The question is, are you at all hungry?
If not, have the juice instead.
Juicing with a Blender: Step by Step
If you crave both, you might consider buying both a juicer and a blender.
However, it’s more likely that you already have a blender. Indeed, 85% of us already do.
So if you’re new to juice, I recommend trying your blender first.
After all, not all juicers are worth the money.
If you don’t have either, stay tuned.
I’ll share the best blender for juicing vegetables.
And if you’re light on funds, I’ll also tell you what qualities the best budget blenders have.
But for right now, here are five helpful tips that can set your blender up for juicing success.
1. Choose the Right Quantity of Each.
You’ll probably need to add water or tea to thin everything down enough to be strained into juice.
That said, you can reduce how much liquid you dilute your ingredients with by choosing water-rich fruits and vegetables.
Here are the fruits and veggies I use that provide a lot of their own liquid:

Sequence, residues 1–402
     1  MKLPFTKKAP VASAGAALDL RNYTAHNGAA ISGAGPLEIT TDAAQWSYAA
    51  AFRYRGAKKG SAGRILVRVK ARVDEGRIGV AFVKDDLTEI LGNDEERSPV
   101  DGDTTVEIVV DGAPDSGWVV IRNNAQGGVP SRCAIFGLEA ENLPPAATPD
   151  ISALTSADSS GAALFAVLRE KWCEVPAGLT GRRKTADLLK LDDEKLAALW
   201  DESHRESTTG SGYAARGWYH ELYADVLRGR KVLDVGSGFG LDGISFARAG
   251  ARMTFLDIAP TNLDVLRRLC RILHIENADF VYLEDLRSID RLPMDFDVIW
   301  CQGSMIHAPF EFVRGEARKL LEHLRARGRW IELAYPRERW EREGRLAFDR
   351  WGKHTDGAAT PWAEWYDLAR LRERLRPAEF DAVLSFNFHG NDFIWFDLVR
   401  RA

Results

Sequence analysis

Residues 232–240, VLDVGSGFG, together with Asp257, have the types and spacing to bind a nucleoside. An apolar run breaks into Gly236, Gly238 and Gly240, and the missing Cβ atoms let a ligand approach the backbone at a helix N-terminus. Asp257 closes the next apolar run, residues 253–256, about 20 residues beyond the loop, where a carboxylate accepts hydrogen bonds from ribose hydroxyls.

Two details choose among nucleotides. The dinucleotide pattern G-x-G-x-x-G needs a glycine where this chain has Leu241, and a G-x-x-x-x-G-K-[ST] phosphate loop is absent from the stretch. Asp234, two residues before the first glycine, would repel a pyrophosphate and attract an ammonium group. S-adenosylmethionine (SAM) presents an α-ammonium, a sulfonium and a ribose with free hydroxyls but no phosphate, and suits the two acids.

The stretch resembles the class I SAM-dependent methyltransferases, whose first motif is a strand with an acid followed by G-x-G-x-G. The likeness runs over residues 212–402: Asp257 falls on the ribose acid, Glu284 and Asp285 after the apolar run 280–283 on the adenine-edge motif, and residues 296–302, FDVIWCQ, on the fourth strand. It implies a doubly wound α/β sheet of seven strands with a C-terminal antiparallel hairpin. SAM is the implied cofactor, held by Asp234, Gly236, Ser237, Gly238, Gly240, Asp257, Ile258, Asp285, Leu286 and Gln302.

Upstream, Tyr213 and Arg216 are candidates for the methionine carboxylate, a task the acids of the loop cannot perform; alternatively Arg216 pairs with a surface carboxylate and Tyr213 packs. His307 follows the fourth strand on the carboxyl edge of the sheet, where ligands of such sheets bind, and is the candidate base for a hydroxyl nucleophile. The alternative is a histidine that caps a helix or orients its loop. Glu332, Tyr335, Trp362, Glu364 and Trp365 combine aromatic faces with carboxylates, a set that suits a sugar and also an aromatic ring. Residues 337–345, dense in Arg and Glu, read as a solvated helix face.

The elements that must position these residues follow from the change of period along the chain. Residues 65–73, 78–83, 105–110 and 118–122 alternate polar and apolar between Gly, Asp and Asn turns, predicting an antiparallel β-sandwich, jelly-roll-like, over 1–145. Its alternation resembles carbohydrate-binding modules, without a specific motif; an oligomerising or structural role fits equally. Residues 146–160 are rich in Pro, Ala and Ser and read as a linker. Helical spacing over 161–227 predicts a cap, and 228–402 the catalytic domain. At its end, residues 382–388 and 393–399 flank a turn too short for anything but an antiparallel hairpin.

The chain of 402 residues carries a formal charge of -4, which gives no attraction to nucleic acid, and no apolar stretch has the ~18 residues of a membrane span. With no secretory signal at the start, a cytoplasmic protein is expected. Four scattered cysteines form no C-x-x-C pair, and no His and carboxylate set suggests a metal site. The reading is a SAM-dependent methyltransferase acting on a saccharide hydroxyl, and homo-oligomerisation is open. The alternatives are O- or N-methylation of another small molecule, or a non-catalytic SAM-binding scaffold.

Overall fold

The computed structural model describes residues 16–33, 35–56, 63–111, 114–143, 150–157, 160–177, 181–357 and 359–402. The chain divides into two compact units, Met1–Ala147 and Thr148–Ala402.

- Watermelon (Number one pick!)
- Iceberg lettuce
You can use veggies and fruits with less water, but don’t let them dominate.
If you do, you’ll have to dilute the juice too much.
For instance, a blender juice that is mostly kale will need entire cups of water added to it.
2. Wash and Core.
One nice feature juicers have is that they automatically sort out your peel, cores, seeds, and the like.
Clearly, a blender doesn’t do this, and having too much roughage in the mix can complicate straining.
Therefore, you should process your fruits and veggies prior to blending juice.
Check out my post on some of the healthiest peelings you can use.
As you blend some peels, you’ll be infusing the liquid with valuable nutrients found there.
But before you do anything else, wash thoroughly.
You’ll be straining out the parts that are most susceptible to dirt, bacteria, and pesticides.
But this doesn’t mean the residues won’t find their way into the juice.
I recommend a good water bath with a sturdy scrub brush - click here for price.
3. Blend It Up.
One area we don’t want to skimp on is power.
You want to puree everything uniformly and leave no chunk behind.
I recommend blending on high for several seconds, giving things a gentle shake or stir, and then repeating.